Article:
Protector of the Small: First Test, Page, Squire, and Lady Knight (Books 1-4) by Tamora Pierce


Yet another enjoyable series by Tamora Pierce. Also set in the Tortall universe, this series is all about knighthood.

Book 1: Alanna the Lioness became a knight by pretending to be a boy through training and managed to become such a strong knight that she became the king’s champion. The king ruled that girls could now train to be knights if they desired, but for ten long years, no girl ever dared. Until Keladry of Mindelan. But the training master is not thrilled to be training a girl and convinces the king to put Kel on a one year probation (and forbid Alanna to see her). The odds are stacked against her and it doesn’t help that the boys aren’t happy to have a girl training alongside them. With so little support, can Kel make it through her first year?

(Skip ahead to after book 4 if you don’t want anything ruined.)

Book 2: Having managed to surpass all expectations, we follow Kel through the rest of her time as a page (three years). It seems like even though she’s made it passed year one, she may not make it through the rest in order to become a squire. She may have made some friends, but that doesn’t mean everyone is rooting for her success. Many are still reluctant to believe that a girl could ever be as worthy a knight as a boy (regardless of Alanna the Lioness’s successes). What I don’t like about this one is that so much time is compressed into such a short amount of pages, making it harder to get engrossed in her story. Despite book 2 feeling rushed, I found myself really liking it.

Book 3: Finally, Kel has made it through her page years and is a squire. But will any of the knights in the realm want to take on “The Girl” as their apprentice? It certainly doesn’t look like it, until Raoul of Goldenlake, chief commander of the King’s Own, decides to take her on. (As a close friend of Alanna’s through training, he knows what a girl can do.) Her time as a squire isn’t easy, in no small part because of the baby griffin she acquires along the way and a first romance. But the real thing worrying her is the Ordeal of Knighthood, which all Squires must complete in order to become a knight. Like the last book, this one felt a bit rushed, but is also filled with lots of intrigue and excitement. (Without ruining it, I will say that the best part of this book for me was the ending, when the one meeting you’re waiting for finally happens.)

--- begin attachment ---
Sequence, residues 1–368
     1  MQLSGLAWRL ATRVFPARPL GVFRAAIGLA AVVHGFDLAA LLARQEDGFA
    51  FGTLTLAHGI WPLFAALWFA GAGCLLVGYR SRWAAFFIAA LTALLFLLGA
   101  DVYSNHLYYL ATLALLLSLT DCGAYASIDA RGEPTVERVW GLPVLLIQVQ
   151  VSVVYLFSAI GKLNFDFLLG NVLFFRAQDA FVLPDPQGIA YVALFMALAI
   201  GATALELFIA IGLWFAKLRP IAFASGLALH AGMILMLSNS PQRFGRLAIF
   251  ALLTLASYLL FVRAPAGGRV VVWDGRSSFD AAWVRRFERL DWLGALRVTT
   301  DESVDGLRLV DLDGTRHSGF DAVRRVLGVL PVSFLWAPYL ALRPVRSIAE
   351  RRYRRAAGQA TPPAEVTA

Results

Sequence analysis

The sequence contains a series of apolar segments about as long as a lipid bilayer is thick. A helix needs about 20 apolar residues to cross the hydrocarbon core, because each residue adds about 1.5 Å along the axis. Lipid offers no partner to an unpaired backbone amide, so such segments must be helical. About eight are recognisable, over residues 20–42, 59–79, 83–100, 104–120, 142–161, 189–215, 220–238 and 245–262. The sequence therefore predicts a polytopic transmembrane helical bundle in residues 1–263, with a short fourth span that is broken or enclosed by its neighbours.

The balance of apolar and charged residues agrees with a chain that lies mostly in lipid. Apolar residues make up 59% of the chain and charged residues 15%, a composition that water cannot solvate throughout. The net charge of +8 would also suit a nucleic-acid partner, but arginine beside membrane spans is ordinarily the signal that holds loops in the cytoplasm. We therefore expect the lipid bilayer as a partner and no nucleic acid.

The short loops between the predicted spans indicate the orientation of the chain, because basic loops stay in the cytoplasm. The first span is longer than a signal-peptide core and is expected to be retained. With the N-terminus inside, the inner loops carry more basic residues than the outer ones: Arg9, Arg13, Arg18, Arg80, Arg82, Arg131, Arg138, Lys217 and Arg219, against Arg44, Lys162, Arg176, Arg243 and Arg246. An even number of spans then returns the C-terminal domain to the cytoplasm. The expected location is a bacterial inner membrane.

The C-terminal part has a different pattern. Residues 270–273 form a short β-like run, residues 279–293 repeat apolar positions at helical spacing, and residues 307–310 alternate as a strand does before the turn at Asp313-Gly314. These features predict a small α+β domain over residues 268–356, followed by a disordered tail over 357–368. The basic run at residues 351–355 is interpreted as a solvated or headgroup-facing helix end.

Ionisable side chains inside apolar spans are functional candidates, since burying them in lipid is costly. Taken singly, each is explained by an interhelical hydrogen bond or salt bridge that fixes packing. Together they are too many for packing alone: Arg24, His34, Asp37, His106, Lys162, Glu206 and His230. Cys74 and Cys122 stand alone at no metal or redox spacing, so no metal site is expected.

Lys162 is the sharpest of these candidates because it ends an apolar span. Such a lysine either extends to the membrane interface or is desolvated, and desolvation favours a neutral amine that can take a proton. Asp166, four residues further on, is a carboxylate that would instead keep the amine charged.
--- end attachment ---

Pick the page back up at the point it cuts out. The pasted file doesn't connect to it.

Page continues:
Book 4: Kel has finally managed to become a knight, but a haunting image given to her by the Chamber of Ordeal haunts her. She is told that she must find a man who uses children’s spirits to fashion dangerous war weapons. The kingdom is drawn into a war with the Scanrans. She wants to go out and find this man but is instead relegated to a run a refugee camp. She is torn between her sense of duty to the refugees she protects and the quest the chamber has set for her that could help Tortall win the war.

Kel is like Beka Cooper, of Pierce’s newest Tortall series, determined to protect the innocent, strong and uncompromising. These characteristics serve her well because without them, she would have no chance of making it through her first year, much less the entire training to become a knight. Kel is a fun and admirable character, making her easy to root for in this male-oriented society.

Pierce has shown herself to be an excellent writer and I look forward to the rest of the books I can find by her.

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